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Norman Mailer

Two Pulitzer Prizes

When I say my only reading was romantic, it was before I went to Harvard. One of the great changes was that now my reading turned completely. I discovered that people could speak of poetry without an apologetic grin. They could be dead serious about listening to classical music. You know, I came from Brooklyn and you were lower than a sissy if you took music seriously, if you took poetry and so forth. That wasn't there. The game was on the streets. I don't mean by that that I was a tough kid out on the streets and such, but we all were slightly tough. You know, we learned to play touch football jeering at cars when they occasionally went by because they interrupted our game. That was as tough as we got, but nonetheless there was an attitude of machismo even though we didn't fulfill it. And so, going to Harvard where culture was important was the key shock. It was four or five steps at that point. So, then I began to read seriously of necessity. Everybody else was reading seriously, so I did, too.
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Norman Mailer

Two Pulitzer Prizes

Norman Mailer: I learned a great deal from writing classes. I don't sneer at them. In fact, I often give people -- when I get a letter from someone and perhaps they have enclosed a few pages of a story, and they obviously have a raw talent but they're completely untutored -- I often tell them to go to the nearest writing class they can find. And what I tell them in the letter -- and later I put that, I think, into The Spooky Art -- was that it doesn't matter if the teacher is not extraordinary. After all, if you're going to take a writing class in some community college, the odds are that the person who is teaching the course may be dedicated, but they are not necessarily the best writing teacher in the state, but nonetheless what is good is you get a wonderful sense of audience. You come to learn that your story is not what you thought it was, that if ten people are reading it you're likely to find that there will be two or three at each end - you really have a bell-shaped curve. There will be one, two or three people at either end who love it or hate it much more than you thought they would. And it also chops down that terribly unstable vanity that young writers have, you know, where they think, "I'm a great writer," and at the same time they can't take a single criticism, and writing courses are good for that; they weather you. It's a little bit like a kid who wants to play varsity football but never tries out for the team. So you go to that writing class and you get toughened up a little.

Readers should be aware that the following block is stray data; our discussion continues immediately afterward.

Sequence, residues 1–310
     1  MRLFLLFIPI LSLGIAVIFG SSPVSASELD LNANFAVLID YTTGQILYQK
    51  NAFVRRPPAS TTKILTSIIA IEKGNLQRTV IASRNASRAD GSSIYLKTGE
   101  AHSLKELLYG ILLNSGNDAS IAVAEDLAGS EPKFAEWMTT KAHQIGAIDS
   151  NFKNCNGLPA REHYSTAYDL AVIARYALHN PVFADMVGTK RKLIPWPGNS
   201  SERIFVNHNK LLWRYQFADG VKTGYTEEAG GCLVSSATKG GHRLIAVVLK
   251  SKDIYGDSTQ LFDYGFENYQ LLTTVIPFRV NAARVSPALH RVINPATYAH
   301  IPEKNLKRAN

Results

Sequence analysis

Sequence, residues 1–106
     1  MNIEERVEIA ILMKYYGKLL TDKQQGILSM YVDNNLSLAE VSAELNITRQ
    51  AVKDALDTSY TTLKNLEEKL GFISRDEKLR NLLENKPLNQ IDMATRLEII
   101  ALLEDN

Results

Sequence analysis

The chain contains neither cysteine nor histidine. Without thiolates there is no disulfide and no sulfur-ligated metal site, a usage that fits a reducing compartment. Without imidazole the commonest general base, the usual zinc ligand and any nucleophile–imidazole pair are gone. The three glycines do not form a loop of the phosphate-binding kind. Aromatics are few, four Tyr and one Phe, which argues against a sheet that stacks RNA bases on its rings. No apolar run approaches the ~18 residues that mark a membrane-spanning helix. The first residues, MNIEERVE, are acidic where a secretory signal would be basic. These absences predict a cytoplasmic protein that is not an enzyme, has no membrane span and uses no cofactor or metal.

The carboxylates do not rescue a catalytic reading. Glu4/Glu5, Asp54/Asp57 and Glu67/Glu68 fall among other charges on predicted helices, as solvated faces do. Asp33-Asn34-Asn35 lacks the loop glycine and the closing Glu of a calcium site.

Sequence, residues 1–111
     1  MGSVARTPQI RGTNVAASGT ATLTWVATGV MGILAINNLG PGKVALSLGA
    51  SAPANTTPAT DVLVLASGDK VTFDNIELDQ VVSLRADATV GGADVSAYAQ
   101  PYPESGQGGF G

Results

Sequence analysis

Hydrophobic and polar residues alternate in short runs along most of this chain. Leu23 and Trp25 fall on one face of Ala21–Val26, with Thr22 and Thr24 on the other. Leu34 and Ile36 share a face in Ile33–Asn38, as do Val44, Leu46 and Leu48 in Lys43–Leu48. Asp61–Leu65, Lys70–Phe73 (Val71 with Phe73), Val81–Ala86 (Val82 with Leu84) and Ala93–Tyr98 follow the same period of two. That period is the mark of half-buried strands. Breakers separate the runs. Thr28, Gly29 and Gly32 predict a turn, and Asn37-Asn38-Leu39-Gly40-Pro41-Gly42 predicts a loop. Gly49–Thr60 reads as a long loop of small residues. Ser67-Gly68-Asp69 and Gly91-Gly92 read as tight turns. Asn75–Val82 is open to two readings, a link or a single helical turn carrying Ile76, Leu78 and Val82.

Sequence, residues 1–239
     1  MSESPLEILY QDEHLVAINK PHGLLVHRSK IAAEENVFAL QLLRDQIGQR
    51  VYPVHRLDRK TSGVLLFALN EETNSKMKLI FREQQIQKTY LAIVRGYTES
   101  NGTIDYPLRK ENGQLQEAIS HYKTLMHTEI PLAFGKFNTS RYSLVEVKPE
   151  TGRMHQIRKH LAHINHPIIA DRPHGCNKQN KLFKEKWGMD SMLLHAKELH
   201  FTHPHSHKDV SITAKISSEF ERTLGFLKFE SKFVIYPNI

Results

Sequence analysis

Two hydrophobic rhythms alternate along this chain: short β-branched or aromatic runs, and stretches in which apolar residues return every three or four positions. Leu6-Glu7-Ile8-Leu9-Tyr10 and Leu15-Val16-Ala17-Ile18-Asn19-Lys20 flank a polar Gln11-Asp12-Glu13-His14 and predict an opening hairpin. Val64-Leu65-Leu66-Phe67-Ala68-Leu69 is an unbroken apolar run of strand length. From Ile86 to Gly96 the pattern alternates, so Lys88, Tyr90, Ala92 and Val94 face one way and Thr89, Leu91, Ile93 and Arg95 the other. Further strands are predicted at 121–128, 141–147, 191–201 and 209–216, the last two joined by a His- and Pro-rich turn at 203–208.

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Norman Mailer

Two Pulitzer Prizes

Nelson Algren once said something very interesting. I attended a writing class he was giving; he asked me to sit in with him. He was very kind to a rather mediocre writer, who imitated Hemingway so badly but so completely that after the class I said, "Why did you give all that time to that fellow? He really is no good." And he said, "Yeah, I know he's no good but, you know, sometimes these guys who are mediocre get better." He said, "The thing is, I like it if they have an influence when they're young and they write in the style of somebody else, because that speeds them up for learning how to write by themselves. Once they learn how, if they're any good at all they step away from the person they're imitating and begin to find their own style, but first they've got to be able to imitate somebody." And, I've never forgotten that. It was an interesting comment about writing.
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Peyton Manning

Super Bowl Champion Quarterback